All travellers entering the United States from the Ebola-stricken nations at the heart of the current outbreak in west Africa will be monitored for 21 days under new rules which come into force on Monday.
The Centers for Disease Control (CDC) announced the radical measure last week, in a bid to prevent the nightmare scenario of a victim unknowingly passing the disease on while walking the streets of a US city.
Such an occurrence is known as the “Typhoid Mary” effect, after Mary Mallon, an asymptomatic typhoid sufferer originally from Ireland, who is thought to have passed the disease on to 53 people while working as a cook in New York at the turn of the last century.
She was forcibly placed in quarantine on two occasions and died 1938 having spent three decades in isolation.
Close calls involving Thomas Eric Duncan, the Liberian man who infected two nurses at Dallas Presbyterian Hospital before succumbing to the disease this month, and Dr Craig Spencer, who mixed with the public in New York for five days before developing a fever and reporting to hospital, have led CDC to tighten up the restrictions on those travelling to the US from west Africa.
But what do the new rules entail, who will they affect, and how effective are they likely to be?
Around 150 people a day fly to the United States from Sierra Leone, Guinea and Liberia.
While there are no direct flights from the west African nations at the heart of the outbreak, there are a number of routes into the US via European airports. The CDC had already announced that all those arriving from Sierra Leone, Guinea and Liberia would be required to enter via one of five airports which have introduced enhanced screening procedures, including checks for fever, one of the early signs of Ebola. They are New York’s JFK, Newark Liberty, in New Jersey, Dulles serving Washington DC, O’Hare in Chicago, and Hartsfield-Jackson in Atlanta. The trade group Airlines for America (A4A) says only about nine passengers a day, or six per cent of the total, enter the US via other airports, and airlines have been cooperating in re-routing them to the approved centres.
All those who have travelled from Ebola countries will face 21 days of monitoring
Once they are identified at one of the the five approved airports as having travelled from one of the Ebola-affected countries, travellers will be checked for symptoms. Anyone with a temperature or other sign that they may have the virus will be sent straight into isolation. Those who are asymptomatic will be required to undergo 21 days of “active post-arrival monitoring,” responsibility for which will be taken on by state and local health departments. The three-week self-monitoring period reflects the longest length of time for which a patient has developed symptoms after coming into contact with an affected victim.
The monitoring process:
The CDC will inform states if a traveller from an Ebola-affected nation is due to arrive in their area. If asked, they will provide technical support, funding and advice. Health department officials will be expected to maintain contact with the traveller for 21 days, receiving daily temperature reports and inquiring about the presence or absence of other symptoms associated with Ebola, including a headache, joint and muscle aches, weakness, diarrhea, vomiting, stomach pain, lack of appetite, or abnormal bleeding. As they arrive at the five airports, travellers will be given a “CARE” kit – standing for Check and Report Ebola – including a logbook to keep track of their symptoms, thermometer, a symptom guide and information about who to inform if they have symptoms.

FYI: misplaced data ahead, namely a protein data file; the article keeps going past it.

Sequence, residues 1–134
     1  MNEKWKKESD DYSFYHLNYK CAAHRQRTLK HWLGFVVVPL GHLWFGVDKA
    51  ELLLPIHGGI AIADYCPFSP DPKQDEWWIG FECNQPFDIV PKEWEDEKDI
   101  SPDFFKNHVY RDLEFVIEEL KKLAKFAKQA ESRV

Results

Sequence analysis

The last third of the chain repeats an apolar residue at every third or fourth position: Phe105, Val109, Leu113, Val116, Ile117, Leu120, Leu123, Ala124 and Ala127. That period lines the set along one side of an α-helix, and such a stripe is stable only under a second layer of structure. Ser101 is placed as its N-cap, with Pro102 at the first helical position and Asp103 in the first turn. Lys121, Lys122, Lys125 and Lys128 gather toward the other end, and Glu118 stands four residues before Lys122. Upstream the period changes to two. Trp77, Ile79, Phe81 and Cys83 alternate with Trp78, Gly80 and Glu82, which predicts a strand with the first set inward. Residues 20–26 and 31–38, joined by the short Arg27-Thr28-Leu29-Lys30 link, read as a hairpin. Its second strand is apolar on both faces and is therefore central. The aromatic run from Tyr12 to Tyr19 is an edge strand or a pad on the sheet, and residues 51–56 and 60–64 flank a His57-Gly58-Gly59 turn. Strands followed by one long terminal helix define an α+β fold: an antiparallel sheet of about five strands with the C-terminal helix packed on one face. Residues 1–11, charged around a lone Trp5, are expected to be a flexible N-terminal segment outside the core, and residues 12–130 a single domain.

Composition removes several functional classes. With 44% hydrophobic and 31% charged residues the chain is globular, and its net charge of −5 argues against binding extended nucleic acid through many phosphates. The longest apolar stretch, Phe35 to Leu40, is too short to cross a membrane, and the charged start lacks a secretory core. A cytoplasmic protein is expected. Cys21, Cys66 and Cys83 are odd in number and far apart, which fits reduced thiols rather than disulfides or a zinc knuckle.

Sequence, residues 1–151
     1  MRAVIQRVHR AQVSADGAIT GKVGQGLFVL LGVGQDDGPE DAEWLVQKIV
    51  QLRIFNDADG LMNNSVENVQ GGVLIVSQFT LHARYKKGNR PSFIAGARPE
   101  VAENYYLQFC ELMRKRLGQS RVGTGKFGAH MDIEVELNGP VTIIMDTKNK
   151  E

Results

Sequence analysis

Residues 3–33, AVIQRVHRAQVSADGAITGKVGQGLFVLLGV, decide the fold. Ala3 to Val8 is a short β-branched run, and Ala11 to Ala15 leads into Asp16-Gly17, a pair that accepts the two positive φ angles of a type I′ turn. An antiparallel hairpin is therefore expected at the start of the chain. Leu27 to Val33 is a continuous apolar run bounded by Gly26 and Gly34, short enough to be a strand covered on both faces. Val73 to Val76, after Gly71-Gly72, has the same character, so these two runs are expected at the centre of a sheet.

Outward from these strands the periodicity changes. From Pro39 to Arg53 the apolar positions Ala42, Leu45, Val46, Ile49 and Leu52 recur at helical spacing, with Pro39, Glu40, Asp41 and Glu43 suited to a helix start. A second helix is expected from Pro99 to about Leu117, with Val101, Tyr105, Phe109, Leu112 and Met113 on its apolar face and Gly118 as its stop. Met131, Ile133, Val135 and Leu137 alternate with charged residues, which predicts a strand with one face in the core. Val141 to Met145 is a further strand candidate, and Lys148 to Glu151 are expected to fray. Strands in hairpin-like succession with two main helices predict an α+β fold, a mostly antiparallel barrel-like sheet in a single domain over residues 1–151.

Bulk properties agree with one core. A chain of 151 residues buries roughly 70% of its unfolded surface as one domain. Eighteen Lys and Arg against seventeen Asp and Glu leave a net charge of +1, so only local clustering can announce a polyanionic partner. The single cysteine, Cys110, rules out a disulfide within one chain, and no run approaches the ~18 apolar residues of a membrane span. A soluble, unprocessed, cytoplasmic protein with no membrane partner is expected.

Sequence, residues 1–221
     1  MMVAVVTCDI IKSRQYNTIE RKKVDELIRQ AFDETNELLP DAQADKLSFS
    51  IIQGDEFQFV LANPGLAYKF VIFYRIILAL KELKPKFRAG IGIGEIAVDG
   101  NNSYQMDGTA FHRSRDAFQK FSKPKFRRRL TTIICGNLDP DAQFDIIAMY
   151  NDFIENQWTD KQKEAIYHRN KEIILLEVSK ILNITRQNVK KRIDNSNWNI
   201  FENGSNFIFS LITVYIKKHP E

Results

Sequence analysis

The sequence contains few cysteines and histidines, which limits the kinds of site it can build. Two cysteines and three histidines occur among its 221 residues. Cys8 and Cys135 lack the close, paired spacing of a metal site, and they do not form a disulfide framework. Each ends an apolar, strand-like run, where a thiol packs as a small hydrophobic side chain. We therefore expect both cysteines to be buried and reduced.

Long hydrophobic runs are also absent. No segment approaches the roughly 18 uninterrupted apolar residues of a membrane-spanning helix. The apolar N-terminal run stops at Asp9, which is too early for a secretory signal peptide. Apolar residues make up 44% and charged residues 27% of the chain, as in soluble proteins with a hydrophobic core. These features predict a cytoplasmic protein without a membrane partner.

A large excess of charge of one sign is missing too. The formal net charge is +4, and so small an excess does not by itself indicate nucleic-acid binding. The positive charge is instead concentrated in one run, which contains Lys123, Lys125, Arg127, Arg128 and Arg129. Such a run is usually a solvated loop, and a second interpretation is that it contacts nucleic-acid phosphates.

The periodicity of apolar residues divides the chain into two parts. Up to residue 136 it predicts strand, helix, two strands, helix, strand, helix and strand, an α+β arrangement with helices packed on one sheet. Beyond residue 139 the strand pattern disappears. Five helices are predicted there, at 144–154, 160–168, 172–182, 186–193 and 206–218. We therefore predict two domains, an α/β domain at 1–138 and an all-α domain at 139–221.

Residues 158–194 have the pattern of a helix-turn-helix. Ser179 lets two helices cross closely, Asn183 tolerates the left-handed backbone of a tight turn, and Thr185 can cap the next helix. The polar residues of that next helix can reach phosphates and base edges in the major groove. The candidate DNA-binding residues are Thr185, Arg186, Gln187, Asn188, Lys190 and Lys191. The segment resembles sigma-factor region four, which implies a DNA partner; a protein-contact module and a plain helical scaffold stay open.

Those who fail to comply will be tracked down
The CDC says immediate steps will be taken to track down a traveller who fails to check in with the local health department on a daily basis. However, officials in New York have already admitted they do not know what they will do if confronted with someone who refuses to comply with the new rules.
Anyone who develops symptoms will be sent straight to quarantine:;
Any traveller who develops symptoms of Ebola during the 21-day isolation period will immediately be isolated and evacuated by a Hazmat team to a hospital in their area which has been designated as an Ebola treatment centre.
Medical workers will be subject to enhanced monitoring in some states
New Jersey, New York, Illinois and Florida announced over the weekend that all health workers who had cared for Ebola patients would be put into mandatory quarantine in hospital. This followed the case of Dr Craig Spencer, who mingled with the public in New York for five days before developing symptoms and ultimately testing positive for Ebola. New York has now revised its rules amid an outcry over the treatment of Kaci Hickox, a nurse who returned from Sierra Leone on Friday via Newark, who complained that she had been treated like a “criminal.” New York now requires medical staff only to remain inside their homes for 21 days and to receive twice-daily visits from local health officials.
Opinion remains divided over whether the new regulations will be sufficient to prevent the spread of Ebola
The CDC is confident that the new rules will be sufficient to protect America from a mass Ebola outbreak. Critics will point out however that the agency also reassured the country that its protocols were rigorousness enough to protect medical staff in Dallas who treated the first patient. to arrive on American soil. Two nurses were infected. and dozens put at risk through direct and indirect contact. Many Republicans continue to call for a ban on all travel from Ebola -affected nations, a stance which Anthony Fauci, head of the National Institute of Allergy and Infectious Diseases, has described as counter-productive, as it would be likely to put health care workers off volunteering to help in the Ebola zone.